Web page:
25. It is that too, but calls for much more. Unless the frequency of rainfall deficiency in the south of India is addressed through capital enhancement for preservation of precipitation and recovery from wastewater, the human (and growth) consequences in an otherwise dynamic region will be unimaginable
  26. The drought this year in Tamil Nadu and neighbouring states has to be addressed through a national war effort—which necessarily calls for fiscal accommodation


Very important. Note all the highlighted terms and read about them. There are many points in newscard which can come handy in mains in answers related to Economy and why India’s fiscal targets have been unrealistic. Also read points 24 to 26 for Mains carefully. India is having a large proportion of population engaged in agriculture and formulating policies around rainfall will be beneficial for all stakeholders as country still lacks good irrigation facilities and most of the peasants are still dependent on Monsoon for their crops.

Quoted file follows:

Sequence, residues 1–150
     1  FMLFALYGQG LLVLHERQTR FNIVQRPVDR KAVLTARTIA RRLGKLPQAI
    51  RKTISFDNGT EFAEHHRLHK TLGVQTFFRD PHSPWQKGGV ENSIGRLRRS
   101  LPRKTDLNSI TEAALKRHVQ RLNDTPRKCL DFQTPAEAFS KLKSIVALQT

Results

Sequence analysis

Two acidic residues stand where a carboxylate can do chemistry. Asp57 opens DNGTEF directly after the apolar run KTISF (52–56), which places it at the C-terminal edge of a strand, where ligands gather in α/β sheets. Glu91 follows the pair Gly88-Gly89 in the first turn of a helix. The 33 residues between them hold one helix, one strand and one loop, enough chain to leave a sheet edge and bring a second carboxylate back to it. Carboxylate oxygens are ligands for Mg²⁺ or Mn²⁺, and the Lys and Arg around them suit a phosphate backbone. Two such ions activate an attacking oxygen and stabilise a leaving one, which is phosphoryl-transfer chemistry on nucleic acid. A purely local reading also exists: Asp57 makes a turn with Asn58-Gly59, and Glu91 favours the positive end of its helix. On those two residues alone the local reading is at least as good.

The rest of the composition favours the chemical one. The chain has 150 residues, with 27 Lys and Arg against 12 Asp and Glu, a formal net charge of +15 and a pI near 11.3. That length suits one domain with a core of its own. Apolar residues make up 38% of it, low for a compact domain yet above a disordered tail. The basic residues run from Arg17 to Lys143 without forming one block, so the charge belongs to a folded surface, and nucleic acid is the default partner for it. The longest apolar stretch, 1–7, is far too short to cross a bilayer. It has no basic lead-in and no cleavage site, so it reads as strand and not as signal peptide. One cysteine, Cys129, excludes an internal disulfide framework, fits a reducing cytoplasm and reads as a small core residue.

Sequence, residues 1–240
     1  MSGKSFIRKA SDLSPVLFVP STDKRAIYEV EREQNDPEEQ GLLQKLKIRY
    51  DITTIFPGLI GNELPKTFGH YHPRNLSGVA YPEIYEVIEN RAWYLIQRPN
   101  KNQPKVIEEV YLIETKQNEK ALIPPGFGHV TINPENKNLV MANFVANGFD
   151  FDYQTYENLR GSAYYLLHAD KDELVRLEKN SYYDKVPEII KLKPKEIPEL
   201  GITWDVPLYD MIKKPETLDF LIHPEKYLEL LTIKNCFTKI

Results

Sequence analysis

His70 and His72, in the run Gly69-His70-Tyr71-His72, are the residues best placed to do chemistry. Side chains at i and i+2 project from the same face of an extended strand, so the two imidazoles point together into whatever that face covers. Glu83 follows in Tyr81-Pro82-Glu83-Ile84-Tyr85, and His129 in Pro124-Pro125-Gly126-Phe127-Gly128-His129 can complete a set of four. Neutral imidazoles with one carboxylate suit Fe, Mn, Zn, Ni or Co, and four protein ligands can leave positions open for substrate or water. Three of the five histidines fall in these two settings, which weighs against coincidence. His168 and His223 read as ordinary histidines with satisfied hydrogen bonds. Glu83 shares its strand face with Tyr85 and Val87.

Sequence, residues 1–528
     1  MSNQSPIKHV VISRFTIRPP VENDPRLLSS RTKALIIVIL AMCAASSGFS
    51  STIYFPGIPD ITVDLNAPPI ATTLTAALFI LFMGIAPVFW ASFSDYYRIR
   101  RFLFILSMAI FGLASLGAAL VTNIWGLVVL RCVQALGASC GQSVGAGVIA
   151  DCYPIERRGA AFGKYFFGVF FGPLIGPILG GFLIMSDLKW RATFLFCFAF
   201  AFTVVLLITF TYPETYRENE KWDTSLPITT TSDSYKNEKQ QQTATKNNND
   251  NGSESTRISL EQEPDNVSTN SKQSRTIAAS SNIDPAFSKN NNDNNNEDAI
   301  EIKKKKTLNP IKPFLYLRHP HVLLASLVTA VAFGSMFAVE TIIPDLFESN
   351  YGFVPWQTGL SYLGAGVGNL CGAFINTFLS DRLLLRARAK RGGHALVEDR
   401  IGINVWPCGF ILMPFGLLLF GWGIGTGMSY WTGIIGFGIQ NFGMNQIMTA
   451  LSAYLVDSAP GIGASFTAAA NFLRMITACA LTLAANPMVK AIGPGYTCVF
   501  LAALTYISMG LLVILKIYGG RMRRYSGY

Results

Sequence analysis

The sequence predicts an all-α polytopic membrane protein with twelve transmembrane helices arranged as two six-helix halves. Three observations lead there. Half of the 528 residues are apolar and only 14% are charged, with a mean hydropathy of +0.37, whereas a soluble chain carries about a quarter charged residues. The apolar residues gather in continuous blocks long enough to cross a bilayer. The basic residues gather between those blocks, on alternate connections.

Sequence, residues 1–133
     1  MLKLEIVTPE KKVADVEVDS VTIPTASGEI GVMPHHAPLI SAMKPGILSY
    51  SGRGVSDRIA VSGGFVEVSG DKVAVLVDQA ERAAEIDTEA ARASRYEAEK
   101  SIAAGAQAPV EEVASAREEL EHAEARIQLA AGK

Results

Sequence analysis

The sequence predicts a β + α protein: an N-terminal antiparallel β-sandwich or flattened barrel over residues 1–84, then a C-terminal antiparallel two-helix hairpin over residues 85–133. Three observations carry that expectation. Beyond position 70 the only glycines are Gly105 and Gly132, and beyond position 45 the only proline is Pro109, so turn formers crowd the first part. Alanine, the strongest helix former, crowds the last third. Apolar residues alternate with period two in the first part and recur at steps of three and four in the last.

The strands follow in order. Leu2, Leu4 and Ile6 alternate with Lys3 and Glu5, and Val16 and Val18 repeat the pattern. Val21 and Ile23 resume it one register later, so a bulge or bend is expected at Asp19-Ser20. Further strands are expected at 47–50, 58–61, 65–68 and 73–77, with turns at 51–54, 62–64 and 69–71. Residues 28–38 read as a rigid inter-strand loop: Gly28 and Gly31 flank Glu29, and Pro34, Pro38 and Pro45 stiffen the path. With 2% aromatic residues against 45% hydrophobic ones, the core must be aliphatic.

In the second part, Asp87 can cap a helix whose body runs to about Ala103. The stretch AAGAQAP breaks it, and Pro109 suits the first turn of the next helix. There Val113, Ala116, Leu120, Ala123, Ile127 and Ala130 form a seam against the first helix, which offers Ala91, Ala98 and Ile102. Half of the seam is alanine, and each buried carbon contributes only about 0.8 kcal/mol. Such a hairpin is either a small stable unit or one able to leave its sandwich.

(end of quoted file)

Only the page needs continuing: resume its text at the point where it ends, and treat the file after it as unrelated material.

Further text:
Hold fiscal deficit at 3% of GDP till 19-20: NK Singh panel

  1. Source: Report of the Fiscal Responsibility and Budget Management (FRBM) Review Committee chaired by former Revenue Secretary NK Singh
  2. It was set up to comprehensively review and give recommendations on the FRBM roadmap for future
  3. The Centre can take a pause on the fiscal consolidation front over the next three years by maintaining a fiscal deficit to GDP ratio of 3% till 2019-20
  4. Reaching a fiscal deficit to GDP ratio of 2.8% in 2020-21, 2.6% the next year and 2.5% in 2022-23